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3 Things Employers Should Never Do

3 Things Employers Should Never Do

There are both ethical and legal limitations to how an employer may treat their employees. Direct, indirect, and implied interactions are all actions subject to those limitations. Now, the exact legal specifics will vary depending on the concerned state but, today, we are going to discuss three specific actions no employer in the United States is allowed to take while interacting with their present employees or potential candidates.


If an employee gets hurt on the job, reports it, and then files a workers’ compensation claim, the employer is prohibited from taking any retaliatory action against that employee. As MN’s workplace discrimination lawyers at Mottaz & Sisk explain, plenty of employers do not abide by this law, which practically opens the company up for a direct lawsuit. This can be avoided by not taking illegal, discriminatory and retaliatory actions such as:

  • Pressuring the employee to withdraw/reduce their claim
  • Punishing the employee for filing the claim, or even just for reporting the injury
  • Verbally, physically, or indirectly threatening/harassing the injured employee
  • Suspending or firing the employee
  • Cutting their pay and/or benefits
  • Withholding their paychecks or delaying their due pay bumps and/or promotions


An employer can merit or hire an employee or potential candidate based on their academic qualifications, relevant experience, and job performance, but that is the extent of it. No employer in the US is allowed to discriminate for or against an employee, based on their age, gender, ethnicity, genetic info, political affiliations, or disability (as long as it doesn’t come in direct conflict with the job that they will be required to do) among other things.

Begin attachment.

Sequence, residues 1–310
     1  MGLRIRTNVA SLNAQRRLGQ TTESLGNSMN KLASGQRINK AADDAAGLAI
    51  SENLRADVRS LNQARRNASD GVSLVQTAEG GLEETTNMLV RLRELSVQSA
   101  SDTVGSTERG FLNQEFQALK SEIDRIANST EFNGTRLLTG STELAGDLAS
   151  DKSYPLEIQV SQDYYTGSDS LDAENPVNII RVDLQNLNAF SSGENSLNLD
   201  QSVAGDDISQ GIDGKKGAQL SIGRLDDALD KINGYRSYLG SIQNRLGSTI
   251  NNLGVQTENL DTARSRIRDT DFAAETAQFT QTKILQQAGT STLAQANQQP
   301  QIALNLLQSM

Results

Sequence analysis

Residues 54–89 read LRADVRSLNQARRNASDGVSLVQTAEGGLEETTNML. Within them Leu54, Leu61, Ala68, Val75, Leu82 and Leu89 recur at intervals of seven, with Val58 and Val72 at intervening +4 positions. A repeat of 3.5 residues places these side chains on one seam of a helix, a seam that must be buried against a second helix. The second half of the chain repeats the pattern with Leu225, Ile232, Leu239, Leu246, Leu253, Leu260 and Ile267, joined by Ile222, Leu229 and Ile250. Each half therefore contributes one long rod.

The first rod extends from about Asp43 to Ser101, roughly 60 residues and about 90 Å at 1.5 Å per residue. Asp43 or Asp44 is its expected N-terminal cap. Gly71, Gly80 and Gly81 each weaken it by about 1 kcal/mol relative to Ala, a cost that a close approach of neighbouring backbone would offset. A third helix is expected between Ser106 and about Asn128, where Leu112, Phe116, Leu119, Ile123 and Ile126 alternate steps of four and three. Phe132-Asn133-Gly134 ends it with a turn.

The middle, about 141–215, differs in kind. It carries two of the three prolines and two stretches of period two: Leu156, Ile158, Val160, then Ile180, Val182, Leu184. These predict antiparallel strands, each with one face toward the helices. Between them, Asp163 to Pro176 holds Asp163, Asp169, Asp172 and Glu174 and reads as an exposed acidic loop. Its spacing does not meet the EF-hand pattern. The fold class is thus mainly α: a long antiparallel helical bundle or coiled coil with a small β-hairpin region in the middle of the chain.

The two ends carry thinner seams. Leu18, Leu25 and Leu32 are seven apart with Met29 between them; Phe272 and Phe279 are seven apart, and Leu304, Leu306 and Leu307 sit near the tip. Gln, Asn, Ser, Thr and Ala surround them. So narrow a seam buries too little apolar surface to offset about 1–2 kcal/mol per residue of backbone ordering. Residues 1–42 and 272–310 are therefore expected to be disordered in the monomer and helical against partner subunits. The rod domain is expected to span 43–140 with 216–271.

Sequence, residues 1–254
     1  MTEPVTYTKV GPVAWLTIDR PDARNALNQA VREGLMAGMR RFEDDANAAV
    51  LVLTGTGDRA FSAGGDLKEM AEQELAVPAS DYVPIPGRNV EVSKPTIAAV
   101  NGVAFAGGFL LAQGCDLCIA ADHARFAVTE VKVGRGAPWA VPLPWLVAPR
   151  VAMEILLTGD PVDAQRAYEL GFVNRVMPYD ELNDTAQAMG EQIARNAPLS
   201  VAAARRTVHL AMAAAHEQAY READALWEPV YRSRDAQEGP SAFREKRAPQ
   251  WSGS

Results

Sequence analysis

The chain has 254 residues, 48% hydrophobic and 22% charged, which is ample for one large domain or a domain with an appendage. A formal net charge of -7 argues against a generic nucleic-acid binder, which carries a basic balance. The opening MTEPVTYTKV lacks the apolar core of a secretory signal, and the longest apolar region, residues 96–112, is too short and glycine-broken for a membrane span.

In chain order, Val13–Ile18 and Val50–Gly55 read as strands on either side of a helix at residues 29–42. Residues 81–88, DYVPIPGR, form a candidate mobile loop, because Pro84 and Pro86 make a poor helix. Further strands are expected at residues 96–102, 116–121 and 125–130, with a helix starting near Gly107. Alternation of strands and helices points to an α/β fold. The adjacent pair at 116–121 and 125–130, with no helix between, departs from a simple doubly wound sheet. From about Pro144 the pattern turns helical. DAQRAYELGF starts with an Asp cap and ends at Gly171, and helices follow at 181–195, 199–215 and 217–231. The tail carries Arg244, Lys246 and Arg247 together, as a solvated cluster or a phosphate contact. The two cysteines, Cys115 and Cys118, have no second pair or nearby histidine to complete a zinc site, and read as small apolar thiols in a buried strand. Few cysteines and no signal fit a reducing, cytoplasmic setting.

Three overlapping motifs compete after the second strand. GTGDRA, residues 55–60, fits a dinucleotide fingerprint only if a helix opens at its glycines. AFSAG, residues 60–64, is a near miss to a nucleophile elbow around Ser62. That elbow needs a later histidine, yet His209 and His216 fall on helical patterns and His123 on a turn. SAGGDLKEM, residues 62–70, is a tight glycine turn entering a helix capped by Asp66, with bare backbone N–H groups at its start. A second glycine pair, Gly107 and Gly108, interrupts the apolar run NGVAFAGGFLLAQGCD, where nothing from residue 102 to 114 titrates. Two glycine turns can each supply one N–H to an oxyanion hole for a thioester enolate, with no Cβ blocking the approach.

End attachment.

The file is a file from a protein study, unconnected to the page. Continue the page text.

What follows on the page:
Ask Irrelevant Questions

Under both federal and state laws, it is illegal for an employer to ask irrelevant personal questions to candidates during the hiring process. Unless it is directly relevant to the job’s exact requirements, common areas of questioning which an employer must avoid are:

  • Racial and genetic information
  • Family history
  • Height, weight, and age-related information
  • Financial information and status
  • Religious beliefs and affiliations
  • Marital status, relationship status, and parental status
  • Citizenship status prior to making a job offer
  • Gender identity, pregnancy status, and sexual orientation
  • Medical history prior to making a job offer
  • Obvious disabilities that are not in conflict with the work which they will have to do upon being hired
  • Unobvious disabilities, prior to making a job offer

Exceptions can be made in some specific situations, provided that the job’s nature itself justifies the mandatory exception. For example, questions regarding a candidate’s height and weight will be considered relevant, if they are applying for any job which requires them to work onboard flights.

There are limits to how much weight a plane can carry safely, which further varies according to flight conditions, duration of the flight, the total passenger and cargo weight, etc. Also, passing drug tests and certain other relevant medical examinations is also a justified requirement that an employer can impose after they have officially made them an offer.

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by Marissa Collins //

Opinions expressed by contributors are their own.